Reuters U.S. government arrests head of Muslim charity
Wednesday May 1, 1:21 PM
U.S. government arrests head of Muslim charity
By Michael Conlon
CHICAGO (Reuters) - U.S. federal agents arrested the Syrian-born head of an
international Muslim charity on Tuesday, saying he had long-time ties to
Osama bin Laden and used the group's funds to support "terrorist activity".
Enaam Arnaout, 39, executive director of the Benevolence International
Foundation, was arrested at his home in the Chicago suburbs and charged with
lying under oath in documents his group had filed in U.S. federal court, the
Justice Department and the FBI said.
The documents involved were filed to support a lawsuit the group brought
against the U.S. government in January after its assets were seized as part
of investigations into the September 11 attacks on America that killed
approximately 3,000 people.
At the time, the group said it was a "faith-based humanitarian organisation
that engages in charitable work around the world" and "does not engage in or
fund terrorist activity". Its headquarters are in Palos Hills, Illinois, and
it has offices in Pakistan, Bosnia, Azerbaijan, Tajikistan, Yemen,
Bangladesh, Turkey, Georgia, China and elsewhere.
In Tuesday's announcement, the U.S. government said the foundation was
"engaged in the support of various persons and groups involved in military
and terrorist type activity", including Saudi-born extremist bin Laden's al
Qaeda network, blamed by the United States for the attacks on New York and
It said al Qaeda has an "established practice" of using charities to fund
Arnaout appeared in court briefly and was ordered held pending a hearing
next week. If convicted on the two perjury counts, he could be sentenced to
prison for 10 years and fined $500,000. The foundation, also named in two
counts of perjury, could be fined $1 million.
The government's court filing cited four confidential informants who
provided information about links between the charity and terrorism, one of
whom said that Arnaout was considering fleeing the United States.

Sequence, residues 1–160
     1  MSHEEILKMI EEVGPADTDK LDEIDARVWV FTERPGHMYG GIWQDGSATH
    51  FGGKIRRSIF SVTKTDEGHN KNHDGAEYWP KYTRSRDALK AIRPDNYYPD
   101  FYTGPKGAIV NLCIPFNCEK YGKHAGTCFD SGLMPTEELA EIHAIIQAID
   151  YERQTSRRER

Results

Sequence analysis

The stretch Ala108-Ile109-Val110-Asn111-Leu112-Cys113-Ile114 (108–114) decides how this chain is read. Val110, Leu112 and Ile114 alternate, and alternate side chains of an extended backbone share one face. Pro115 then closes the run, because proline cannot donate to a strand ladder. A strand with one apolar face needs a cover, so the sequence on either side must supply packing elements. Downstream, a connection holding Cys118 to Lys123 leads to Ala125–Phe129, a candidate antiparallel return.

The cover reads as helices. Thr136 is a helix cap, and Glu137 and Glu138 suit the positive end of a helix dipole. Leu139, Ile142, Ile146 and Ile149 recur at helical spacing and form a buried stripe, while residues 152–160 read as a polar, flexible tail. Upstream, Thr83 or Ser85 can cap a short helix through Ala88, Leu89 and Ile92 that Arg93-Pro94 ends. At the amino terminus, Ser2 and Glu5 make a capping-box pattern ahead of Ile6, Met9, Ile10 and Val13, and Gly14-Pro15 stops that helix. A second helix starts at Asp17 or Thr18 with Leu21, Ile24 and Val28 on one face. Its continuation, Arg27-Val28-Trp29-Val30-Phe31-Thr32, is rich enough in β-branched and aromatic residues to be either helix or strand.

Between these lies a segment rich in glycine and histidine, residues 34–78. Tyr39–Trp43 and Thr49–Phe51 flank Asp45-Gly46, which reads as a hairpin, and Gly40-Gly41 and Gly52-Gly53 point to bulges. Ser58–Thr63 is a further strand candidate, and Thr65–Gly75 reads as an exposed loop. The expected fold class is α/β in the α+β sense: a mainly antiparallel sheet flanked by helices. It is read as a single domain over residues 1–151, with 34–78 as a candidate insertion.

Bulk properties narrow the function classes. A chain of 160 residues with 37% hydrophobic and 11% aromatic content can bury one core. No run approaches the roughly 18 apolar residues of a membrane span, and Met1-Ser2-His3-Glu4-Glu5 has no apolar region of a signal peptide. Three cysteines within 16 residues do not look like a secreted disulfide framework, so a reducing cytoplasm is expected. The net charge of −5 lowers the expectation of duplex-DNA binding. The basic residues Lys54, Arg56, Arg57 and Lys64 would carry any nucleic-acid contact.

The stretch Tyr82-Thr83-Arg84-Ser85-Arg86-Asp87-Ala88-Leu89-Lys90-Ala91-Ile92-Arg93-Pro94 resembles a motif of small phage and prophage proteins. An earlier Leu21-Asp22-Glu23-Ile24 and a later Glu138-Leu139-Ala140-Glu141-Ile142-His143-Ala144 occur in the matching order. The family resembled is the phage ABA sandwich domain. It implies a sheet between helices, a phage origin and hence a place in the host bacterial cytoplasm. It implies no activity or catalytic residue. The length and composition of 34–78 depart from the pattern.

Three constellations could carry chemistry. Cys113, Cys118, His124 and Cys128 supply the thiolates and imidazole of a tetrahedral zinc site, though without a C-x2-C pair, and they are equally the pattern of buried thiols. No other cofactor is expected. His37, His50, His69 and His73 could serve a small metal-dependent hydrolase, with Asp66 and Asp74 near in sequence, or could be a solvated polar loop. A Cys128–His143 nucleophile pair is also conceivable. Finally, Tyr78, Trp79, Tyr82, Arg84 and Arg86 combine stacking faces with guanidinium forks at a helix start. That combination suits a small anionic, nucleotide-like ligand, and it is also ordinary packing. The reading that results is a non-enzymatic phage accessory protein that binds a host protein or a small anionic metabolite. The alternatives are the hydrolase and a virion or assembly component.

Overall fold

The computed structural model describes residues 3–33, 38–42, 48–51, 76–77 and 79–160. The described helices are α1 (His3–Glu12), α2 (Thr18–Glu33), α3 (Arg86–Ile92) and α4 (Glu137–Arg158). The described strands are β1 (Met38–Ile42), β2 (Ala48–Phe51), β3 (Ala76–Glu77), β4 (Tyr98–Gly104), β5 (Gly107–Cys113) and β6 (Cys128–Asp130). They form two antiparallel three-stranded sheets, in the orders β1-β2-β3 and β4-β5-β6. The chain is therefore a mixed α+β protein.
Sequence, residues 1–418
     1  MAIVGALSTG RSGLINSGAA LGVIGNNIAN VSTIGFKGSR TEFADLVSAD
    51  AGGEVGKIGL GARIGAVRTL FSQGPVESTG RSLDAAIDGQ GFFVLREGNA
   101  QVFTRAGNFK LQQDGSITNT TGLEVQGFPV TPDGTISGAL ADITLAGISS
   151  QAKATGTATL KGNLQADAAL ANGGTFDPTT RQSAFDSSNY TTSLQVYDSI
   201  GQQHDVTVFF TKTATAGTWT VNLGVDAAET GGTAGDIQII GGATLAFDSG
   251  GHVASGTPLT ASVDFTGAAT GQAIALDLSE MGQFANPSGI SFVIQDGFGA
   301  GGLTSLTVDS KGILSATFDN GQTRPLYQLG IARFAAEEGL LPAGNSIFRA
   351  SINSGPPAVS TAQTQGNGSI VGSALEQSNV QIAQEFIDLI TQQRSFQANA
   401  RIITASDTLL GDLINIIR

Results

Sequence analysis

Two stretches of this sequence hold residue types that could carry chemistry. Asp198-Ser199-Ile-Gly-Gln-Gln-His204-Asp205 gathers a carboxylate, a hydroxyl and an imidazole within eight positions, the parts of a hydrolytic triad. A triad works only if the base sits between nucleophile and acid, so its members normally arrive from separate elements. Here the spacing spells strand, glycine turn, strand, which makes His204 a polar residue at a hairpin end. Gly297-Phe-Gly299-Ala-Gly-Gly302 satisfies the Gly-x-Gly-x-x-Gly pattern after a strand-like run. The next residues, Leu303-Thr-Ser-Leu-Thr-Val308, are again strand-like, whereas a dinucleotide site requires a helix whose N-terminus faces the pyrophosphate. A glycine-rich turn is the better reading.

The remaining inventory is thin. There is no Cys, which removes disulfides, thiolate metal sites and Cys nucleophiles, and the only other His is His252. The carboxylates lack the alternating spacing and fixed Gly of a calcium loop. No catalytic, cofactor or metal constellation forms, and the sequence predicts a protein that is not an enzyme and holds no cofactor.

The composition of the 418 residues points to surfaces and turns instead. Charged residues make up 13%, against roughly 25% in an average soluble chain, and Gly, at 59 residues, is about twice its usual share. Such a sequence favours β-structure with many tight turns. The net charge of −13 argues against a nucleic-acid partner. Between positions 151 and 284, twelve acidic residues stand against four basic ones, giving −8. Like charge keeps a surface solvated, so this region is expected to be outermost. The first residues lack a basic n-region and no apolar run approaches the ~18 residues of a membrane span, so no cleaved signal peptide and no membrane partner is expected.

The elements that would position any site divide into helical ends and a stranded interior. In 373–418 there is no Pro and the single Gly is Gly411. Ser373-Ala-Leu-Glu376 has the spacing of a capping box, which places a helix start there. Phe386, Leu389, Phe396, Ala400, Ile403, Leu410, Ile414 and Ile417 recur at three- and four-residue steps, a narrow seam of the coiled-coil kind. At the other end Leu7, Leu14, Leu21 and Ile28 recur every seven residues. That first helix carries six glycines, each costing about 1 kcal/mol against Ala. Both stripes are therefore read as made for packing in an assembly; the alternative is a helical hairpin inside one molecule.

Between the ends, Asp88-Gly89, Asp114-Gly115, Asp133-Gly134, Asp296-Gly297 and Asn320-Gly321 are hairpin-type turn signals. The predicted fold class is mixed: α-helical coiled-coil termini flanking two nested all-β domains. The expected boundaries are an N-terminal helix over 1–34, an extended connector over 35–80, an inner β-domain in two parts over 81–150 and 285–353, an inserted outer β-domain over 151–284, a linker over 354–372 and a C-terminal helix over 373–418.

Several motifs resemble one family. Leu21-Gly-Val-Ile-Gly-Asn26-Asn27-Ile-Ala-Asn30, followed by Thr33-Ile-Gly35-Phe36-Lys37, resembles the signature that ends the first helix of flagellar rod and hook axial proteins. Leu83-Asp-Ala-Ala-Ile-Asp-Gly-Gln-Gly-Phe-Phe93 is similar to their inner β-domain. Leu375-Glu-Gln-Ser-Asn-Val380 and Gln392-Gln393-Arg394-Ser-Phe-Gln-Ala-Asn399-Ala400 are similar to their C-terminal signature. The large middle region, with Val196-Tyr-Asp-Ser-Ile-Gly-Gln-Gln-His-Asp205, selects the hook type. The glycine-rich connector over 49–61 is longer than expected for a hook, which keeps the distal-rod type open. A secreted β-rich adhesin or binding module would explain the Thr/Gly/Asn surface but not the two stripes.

According to the court filing, government wiretaps overheard a Pakistani
representative of the charity calling Arnaout, who said he feared he might
not be alive much longer and advised the representative to go to Kabul,
Arnaout's attorneys said their client had planned to go to Saudi Arabia to
visit a sick relative.
Peter Fitzgerald, the U.S. attorney in Chicago, said the charity raised
millions of dollars a year, ostensibly for needy causes, but diverted some
funds to "support terrorist acts".
Fitzgerald said it was important to note that "donors (to the charity) have
done nothing wrong. This is a prosecution aimed at fraud and perjury. It is
not a prosecution aimed at charities".
The government said Arnaout had a relationship with bin Laden going back
more than a decade, and that al Qaeda used the charity for "logistical
support, including the movement of money to fund its operations." The
charity also was accused of having contact with people "trying to obtain
chemical and nuclear weapons on behalf of al Qaeda."
A search of the charity's offices in Bosnia in March turned up firearms,
military manuals and a cache of documents showing ties between the charity
and al Qaeda, including photographs of both Arnaout and bin Laden in Bosnia
and correspondence between the two that dated to 1989, the government said.
Other photographs showed Arnaout carrying rifles and a rocket-propelled
The government said the foundation "has had direct dealing with
representatives of the Chechen mujahideen (guerrillas) as well as
Hezb-e-Islami, a military group operating at various times in Afghanistan
and Azerbaijan. ... (The foundation) made efforts to provide the Chechen
mujahideen with money, an X-ray machine and anti-mine boots, among other
The government complaint listed four men who it said were in contact with
Arnaout and his headquarters office:
--Mamdouh Salim, a bin Laden associate charged with conspiracy to kill
Americans who allegedly tried to get chemical and nuclear weapons for al
Qaeda and whose 1998 visit to Bosnia was sponsored by the foundation.
--Mohamed Bayazid, who it said tried to get uranium for al Qaeda to develop
--Mohamad Jamal Khalifa, bin Laden's brother-in-law, who "has been closely
linked to terrorist operatives who carried out the 1993 World Trade Center
bombing" and was also involved in a plot to assassinate Pope John Paul II.
--Wali Khan Amin Shah, "a key participant in the plot in the Philippines to
bomb 12 airliners over American cities in 1994" and who asked Arnaout to
funnel weapons money to an Afghan field commander in the late 1980s.